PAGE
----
The design – invented by McLoughlin’s partner Joe Lu – eliminates the need for lids or straws and it works for both cold and hot beverages. Another advantage of the cup is that if it is shaken it does not splash or leak, said McLoughlin.

Lu, who is originally from China but who has lived in Ireland for 25 years, was looking at ways of getting rid of the plastic lid that has become ubiquitous in coffee shops and fast-food outlets.

Back in 2012 Lu was looking for investment for the idea and McLoughlin – a chartered accountant by trade – had just sold his share of a value added food products business he was involved in with family members. “A mutual acquaintance put myself and Joe in touch and as soon as I saw the cup I knew it was high-risk but potentially high reward.”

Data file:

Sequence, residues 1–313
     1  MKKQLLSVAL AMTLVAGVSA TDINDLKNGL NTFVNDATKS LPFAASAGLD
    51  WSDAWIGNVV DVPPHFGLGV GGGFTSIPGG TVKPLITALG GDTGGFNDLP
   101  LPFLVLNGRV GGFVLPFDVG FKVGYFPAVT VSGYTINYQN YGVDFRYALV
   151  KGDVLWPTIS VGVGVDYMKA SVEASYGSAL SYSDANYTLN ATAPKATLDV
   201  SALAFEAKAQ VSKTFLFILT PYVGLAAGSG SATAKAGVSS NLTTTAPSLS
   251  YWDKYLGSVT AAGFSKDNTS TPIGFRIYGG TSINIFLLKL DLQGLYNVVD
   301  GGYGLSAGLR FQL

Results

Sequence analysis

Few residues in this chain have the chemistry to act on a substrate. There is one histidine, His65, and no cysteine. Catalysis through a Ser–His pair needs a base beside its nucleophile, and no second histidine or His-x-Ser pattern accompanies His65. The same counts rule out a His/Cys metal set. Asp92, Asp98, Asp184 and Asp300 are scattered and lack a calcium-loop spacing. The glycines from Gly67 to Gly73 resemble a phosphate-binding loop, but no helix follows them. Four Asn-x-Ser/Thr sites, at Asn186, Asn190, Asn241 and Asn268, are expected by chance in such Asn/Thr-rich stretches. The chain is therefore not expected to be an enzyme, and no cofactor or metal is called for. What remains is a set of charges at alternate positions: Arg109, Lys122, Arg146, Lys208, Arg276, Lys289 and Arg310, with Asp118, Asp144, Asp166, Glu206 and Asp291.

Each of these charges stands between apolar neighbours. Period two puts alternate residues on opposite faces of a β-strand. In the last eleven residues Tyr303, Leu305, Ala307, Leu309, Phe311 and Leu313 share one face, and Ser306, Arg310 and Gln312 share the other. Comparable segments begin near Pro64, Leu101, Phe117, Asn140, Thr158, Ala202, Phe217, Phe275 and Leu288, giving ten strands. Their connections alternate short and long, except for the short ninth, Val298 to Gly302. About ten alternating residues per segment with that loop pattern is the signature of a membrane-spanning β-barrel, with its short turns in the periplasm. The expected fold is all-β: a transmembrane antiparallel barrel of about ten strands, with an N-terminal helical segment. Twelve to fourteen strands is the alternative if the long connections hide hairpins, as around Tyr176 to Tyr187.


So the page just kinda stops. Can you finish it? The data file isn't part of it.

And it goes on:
Since then the pair have invested “millions rather than thousands” developing a modified cup-making machine to produce the cup on an industrial scale and further refined the design.

Another investor, Brian Ranalow, has come on board. Ranalow has industry experience and is the chairman and retired CEO of H&K International, an Irish company which is a major supplier of kitchens to McDonald’s and similar companies worldwide. The eco-friendly nature of the cup has been further enhanced by a development in the Finnish paper industry where a huge magazine plant has been converted at a cost of €170m into a new paper mill to produce a special kind of paper that can be used in drinking cups without using any added plastic or resin.